Considering the number of smoking-related deaths annually, one would think smokers would be wise to take out sufficient life insurance – but many don’t, causing potential financial problems for their families, according to research from UK-based Confused.com.
The gap between the amounts of life insurance coverage taken out by smokers compared to non-smokers means that those who light up regularly are at higher risk of leaving their loved ones exposed to financial hardship – should the worst happen.
Currently, 30% of the UK population admit to being smokers, with one in five (20%) classifying themselves as regular smokers – and the Canadian numbers are eerily similar.
According to the most recent Stats Canada data, 5.8 million Canadians smoke – roughly 20% of the population.
Many Regular Smokers Are Under-Insured
However, with only two-thirds of Canadian households having any life insurance at all, it’s clear that many regular smokers are likely under-insured – a worrying statistic.
At least 19% of all deaths among Canadians are related to smoking, according to recent estimates. It’s a sobering reality, but smokers are more likely to have ongoing health problems and have a shorter lifespan than non-smokers, making them more of an insurance risk.
And their premiums reflect this – on average, smokers pay as much as 40% more for life insurance – forcing many to cut back on coverage as a result.
There’s little wiggle room when it comes to determining just who is a smoker. Most insurers don’t care whether you smoke one cigarette or two packs a day – you’re still a smoker. Some also don’t make a distinction between smoking cigarettes, cigars or a pipe.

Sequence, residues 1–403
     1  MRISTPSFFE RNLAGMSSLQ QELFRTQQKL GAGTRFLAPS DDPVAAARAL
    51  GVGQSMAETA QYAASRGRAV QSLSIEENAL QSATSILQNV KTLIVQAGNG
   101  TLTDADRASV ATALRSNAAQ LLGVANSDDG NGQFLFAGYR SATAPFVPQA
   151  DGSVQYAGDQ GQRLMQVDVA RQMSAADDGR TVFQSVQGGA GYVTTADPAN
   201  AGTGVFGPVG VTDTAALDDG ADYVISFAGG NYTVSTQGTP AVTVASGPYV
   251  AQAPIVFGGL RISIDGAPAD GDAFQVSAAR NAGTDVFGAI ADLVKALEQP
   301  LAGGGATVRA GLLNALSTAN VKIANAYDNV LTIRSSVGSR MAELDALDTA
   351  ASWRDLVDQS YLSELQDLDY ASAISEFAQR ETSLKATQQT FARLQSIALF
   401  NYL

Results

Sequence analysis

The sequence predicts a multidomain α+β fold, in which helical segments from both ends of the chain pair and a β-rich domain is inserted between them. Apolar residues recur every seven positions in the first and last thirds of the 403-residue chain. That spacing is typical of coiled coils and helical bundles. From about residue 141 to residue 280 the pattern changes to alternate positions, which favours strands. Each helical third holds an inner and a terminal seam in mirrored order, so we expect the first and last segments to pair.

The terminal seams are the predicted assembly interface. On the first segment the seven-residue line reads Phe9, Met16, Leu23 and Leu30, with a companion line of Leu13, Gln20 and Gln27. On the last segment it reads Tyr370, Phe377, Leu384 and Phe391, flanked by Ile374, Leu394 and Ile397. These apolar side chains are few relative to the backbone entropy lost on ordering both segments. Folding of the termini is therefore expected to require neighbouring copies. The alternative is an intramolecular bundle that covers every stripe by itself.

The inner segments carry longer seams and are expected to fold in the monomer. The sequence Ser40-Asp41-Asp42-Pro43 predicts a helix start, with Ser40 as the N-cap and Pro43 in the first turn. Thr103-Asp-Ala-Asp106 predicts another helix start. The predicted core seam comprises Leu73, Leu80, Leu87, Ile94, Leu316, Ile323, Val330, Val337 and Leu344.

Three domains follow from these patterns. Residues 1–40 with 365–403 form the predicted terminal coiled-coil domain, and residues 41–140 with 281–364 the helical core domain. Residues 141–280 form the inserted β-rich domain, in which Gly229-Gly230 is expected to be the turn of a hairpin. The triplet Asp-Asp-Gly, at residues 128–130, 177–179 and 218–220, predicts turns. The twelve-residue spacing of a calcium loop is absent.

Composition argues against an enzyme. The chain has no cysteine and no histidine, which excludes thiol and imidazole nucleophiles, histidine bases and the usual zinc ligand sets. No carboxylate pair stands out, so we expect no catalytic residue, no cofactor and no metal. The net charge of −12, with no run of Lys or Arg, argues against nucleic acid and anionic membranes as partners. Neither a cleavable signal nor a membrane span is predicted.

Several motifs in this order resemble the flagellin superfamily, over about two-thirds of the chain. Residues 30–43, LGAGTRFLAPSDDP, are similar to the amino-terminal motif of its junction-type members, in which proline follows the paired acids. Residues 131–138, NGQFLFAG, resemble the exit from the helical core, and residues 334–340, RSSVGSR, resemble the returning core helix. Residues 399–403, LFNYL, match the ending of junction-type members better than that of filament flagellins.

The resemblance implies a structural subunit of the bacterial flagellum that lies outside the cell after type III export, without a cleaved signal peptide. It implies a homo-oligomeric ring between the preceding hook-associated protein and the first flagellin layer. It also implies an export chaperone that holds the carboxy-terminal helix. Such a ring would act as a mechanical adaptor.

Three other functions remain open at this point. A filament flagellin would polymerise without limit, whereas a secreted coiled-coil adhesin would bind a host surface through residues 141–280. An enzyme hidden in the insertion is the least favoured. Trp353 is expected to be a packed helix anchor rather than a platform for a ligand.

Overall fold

E-cigarettes No Solution Either
Could someone who uses e-cigarettes be considered a non-smoker and receive lower insurance rates as a result? No, say insurers. In fact, they argue, there’s a strong possibility that those employing e-cigarettes – with or without nicotine – might revert back to tobacco cigarettes anyway.
Generally, insurance companies take people at their word, which may tempt some potential buyers to claim falsely that they’ve given up smoking. However, lying about whether or not you smoke to try and lower your premiums could be a costly error.
If in the event of your death, the insurer were to discover that you were a smoker when you applied, your beneficiaries would be out of luck. What’s more, you’d have paid all those premiums for nothing.
Quitting Smoking Can Pay Off
With insurance fraud on the rise, life insurance companies are growing a bit more cautious when it comes to underwriting. Smokers who claim they’ve kicked the habit might face a urine test to see if they’re lying, for instance. At the moment, however, such tests are more likely to be administered when insurers are already demanding a medical exam.
There is good news for smokers looking to quit, however. If you were to take out a policy now and then subsequently break the habit, you could then request to have it changed to a non-smoker policy.
Some insurers will even meet you halfway, offering incentives to stop smoking when you take out a policy. Were you to quit smoking for 12 consecutive months within the first two policy years, for instance, some companies will offer you the lower non-smoker rate you would have otherwise qualified for when the policy was issued.
Would you quit smoking if it meant receiving lower life insurance premiums? Tell us in a comment.